Targeting non-invasive treatment for cardiac amyloidosis

Years ago, as a University of Toronto nursing student in the cardiovascular and vascular surgery unit of the Peter Munk Cardiac Centre, Natalie Galant watched a lot of patients and families going through trying times.

“Having frontline experience really awakened me to areas of research that need more attention,” Galant said. “I wanted to make more of an impact.”

The aspiring medical researcher won a 2015 Education Fund award from the Ted Rogers Centre for Heart Research – for her work in uncovering how an innovative and specific type of immunotherapy could treat or prevent the progression of heart disease. It involves a collaboration between University Health Network, University of Toronto and a U.S. pharmaceutical company.

Transthyretin (TTR) is a protein in the blood that carries thyroid hormones T3 and T4, as well as vitamin A, but it runs the risk of misfolding and triggering cardiac amyloidosis – plaque buildup on the heart. The resulting heart dysfunction can be lethal. TTR-related cardiac amyloidosis is highly underdiagnosed despite affecting a wide variety of people, including 25% of men over 80.

Radically new era of heart research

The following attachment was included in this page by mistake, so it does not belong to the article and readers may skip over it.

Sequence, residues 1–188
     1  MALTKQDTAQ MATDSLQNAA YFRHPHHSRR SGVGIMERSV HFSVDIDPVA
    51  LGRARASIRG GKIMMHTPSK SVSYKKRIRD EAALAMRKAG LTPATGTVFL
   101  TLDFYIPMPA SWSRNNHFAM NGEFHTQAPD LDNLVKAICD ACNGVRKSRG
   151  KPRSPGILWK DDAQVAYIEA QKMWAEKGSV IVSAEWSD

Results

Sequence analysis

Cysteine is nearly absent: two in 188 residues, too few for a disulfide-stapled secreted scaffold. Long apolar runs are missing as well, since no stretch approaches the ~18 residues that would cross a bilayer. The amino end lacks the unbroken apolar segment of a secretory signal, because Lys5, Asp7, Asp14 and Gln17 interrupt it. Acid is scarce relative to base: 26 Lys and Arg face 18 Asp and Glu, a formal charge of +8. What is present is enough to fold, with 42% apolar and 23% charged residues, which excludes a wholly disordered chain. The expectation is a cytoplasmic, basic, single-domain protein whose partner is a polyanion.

At present, the main treatment is surgery but many aging patients aren’t eligible for a transplant. Galant has helped develop an antibody that might provide one very significant solution. The antibody targets the problem – the misfolded protein – while leaving the healthy protein alone so it doesn’t disrupt vitamin A and thyroid levels. This antibody has been found to attach to TTR’s inner surface and, together with the immune system, prevents the buildup of disease-causing plaque.

“This project allows me to help with the pioneering and expansion of a radically new area of heart research within the medical sciences,” Galant said. “To treat cardiac amyloidosis would be huge.”

As for now, pre-clinical studies are nearing completion and Galant and others are setting forth trying to figure out exactly how these antibodies prevent plaque build-up. The goal would be an immunotherapeutic drug that would act solely on the misfolded protein, providing a truly novel treatment option.

Her supervisor is U of T professor Avi Chakrabartty. “Natalie’s project is a prime example of how modern medical research is an intricate collaborative effort involving industry, university, and hospital research institutes,” he said.

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